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Inferring the effect of species interactions on trait evolution

Citation

Xu, Liang; van Doorn, Sander; Hildenbrandt, Hanno; Etienne, Rampal (2020), Inferring the effect of species interactions on trait evolution, Dryad, Dataset, https://doi.org/10.5061/dryad.905qfttj4

Abstract

Models of trait evolution form an important part of macroevolutionary biology. The Brownian motion model and Ornstein-Uhlenbeck models have become classic (null) models of character evolution, in which species evolve independently. Recently, models incorporating species interactions have been developed, particularly involving competition where abiotic factors pull species toward an optimal trait value and competitive interactions drive the trait values apart. However, these models assume a fitness function rather than derive it from population dynamics and they do not consider dynamics of the trait variance. Here we develop a general coherent trait evolution framework where the fitness function is based on a model of population dynamics, and therefore it can, in principle, accommodate any type of species interaction. We illustrate our framework with a model of abundance-dependent competitive interactions against a macroevolutionary background encoded in a phylogenetic tree. We develop an inference tool based on Approximate Bayesian Computation and test it on simulated data (of traits at the tips). We find that inference performs well when the diversity predicted by the parameters equals the number of species in the phylogeny. We then fit the model to empirical data of baleen whale body lengths, using three different summary statistics, and compare it to a model without population dynamics and a model where competition depends on the total metabolic rate of the competitors. We show that the unweighted model performs best for the least informative summary statistic, while the model with competition weighted by the total metabolic rate fits the data slightly better than the other two models for the two more informative summary statistics. Regardless of the summary statistic used, the three models substantially differ in their predictions of the abundance distribution. Therefore, data on abundance distributions will allow us to better distinguish the models from one another, and infer the nature of species interactions. Thus our framework provides a conceptual approach to reveal species interactions underlying trait evolution and identifies the data needed to do so in practice.

Methods

The derivation of the model is in Supplementary_material_of_Inferring_the_effect_of_species_interactions_on_trait_evolution.pdf in the attachments.

Usage Notes

Supplementary results

Figures S2-S16. Trait trees under different parameter combinations of Scenarios 1, 2, 3 under the AWC model and the UWC model for the tree values of scaling parameters, s=100,1000,10000. For the figures of the rest of the secenarios, they are stored in the folder “abundance_test.”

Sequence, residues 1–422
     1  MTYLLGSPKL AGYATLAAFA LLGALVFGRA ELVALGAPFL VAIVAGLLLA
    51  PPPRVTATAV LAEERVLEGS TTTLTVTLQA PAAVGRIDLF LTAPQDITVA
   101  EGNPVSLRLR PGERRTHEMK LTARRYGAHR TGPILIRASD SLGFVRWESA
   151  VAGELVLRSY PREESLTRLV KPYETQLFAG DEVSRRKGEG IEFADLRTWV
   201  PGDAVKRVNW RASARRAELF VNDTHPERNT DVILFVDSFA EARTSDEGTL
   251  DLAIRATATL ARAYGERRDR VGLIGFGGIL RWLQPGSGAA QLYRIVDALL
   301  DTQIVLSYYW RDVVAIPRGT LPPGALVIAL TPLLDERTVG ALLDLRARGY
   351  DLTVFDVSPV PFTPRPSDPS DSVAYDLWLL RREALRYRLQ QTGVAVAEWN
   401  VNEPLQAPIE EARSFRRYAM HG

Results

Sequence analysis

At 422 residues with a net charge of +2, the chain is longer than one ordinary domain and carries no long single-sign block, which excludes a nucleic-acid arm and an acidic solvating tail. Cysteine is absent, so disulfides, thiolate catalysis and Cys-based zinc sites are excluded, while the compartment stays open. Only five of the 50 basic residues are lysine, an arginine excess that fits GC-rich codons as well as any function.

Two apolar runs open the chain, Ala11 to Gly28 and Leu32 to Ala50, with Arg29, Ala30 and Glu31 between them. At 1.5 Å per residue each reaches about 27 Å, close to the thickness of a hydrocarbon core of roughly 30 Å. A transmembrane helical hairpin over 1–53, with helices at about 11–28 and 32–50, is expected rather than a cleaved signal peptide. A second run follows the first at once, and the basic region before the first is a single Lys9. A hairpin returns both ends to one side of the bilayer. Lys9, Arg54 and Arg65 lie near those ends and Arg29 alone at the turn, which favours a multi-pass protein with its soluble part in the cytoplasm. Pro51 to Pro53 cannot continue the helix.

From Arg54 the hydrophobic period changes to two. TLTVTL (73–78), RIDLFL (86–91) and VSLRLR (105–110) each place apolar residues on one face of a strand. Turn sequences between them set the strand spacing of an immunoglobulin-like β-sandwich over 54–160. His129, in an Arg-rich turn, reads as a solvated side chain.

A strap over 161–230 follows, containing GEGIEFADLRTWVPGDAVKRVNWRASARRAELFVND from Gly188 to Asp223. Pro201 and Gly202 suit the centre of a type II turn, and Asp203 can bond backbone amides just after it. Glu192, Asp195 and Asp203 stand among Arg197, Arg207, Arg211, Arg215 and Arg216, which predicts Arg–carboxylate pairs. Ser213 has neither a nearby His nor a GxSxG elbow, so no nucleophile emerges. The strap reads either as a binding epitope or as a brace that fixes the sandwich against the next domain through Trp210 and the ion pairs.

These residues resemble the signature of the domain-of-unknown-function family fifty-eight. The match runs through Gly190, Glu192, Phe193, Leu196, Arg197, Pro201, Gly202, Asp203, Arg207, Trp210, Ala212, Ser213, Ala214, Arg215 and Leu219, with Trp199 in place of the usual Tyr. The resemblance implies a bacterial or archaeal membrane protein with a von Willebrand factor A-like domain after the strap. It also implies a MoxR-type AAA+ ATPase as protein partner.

Figures S17-S18. Trait trees under different parameter combinations of different scenarios.

Figures S19-S21. Prediction of the abundance distribution versus body length across 1000 simulations using the estimated parameters for Scenarios 1-3. For the figures of the rest of the scenarios, they are stored in the folder “PredictionDis.”

Figures S22-S24. Predictions of the trait variance distribution across 100 simulations using the estimated parameters for Scenarios 1-3. For the figures of the rest of the scenarios, they are stored in the folder “PredictionDis.”

Figures S25-S27. Comparison of the parameter estimates for those generating parameters for which the ratio \frac{\sqrt{\alpha/\gamma}}{\text{Richness}} is in the range of (0.5,1.5). The figures of other scenarios are stored in the folder “Estimation.”

Figures S28-S58. Comparison of the estimates among different scenarios.

Figures S59-S60. Parameter estimates under PICs and UMTD+PICs for the AWC model on the logtransformed body length.

Figures S61-S63. Parameter estimates under SMTD, PICs and UMTD+PICs for the AWC model on the untransformed body length.

Figures S64-S66. Results of the model comparison analysis on the untransformed body length.

Figures S67-S69. Results of the model comparison analysis on the logtransformed body length.

Figure S70. Abundance distributions of the AWC and MWC models.

Figure S71. Trait variance distributions of the AWC and MWC models.

Figures S72-74. Distribution of the goodness-of-fit of the three models using three summary statistics. The red dashed line represents the 5% best GOF-values.

Figure S75. The predicted contrasts using the estimated parameters under the three models and the true contrasts for PICs.

Figure S76. The predicted contrasts using the estimated parameters under the three models and the true contrasts for UMTD+PICs.

Phylogenetic tree data for Scenarios 1-22. They are stored in the folder “SimTreeInfo” and indexed accordingly.

All the data of generated trees used in the simulation study (Scenarios 1-22) are stored in the folder “SimTreeInfo.”

The inference results of the simulation study are stored in the folder “SimEstResults.”

The baleen whale data and results are stored in the folder “BaleenWhaleData&Results.”

Funding

China Scholarship Council, Award: 201508500091

Nederlandse Organisatie voor Wetenschappelijk Onderzoek, Award: 865.13.003.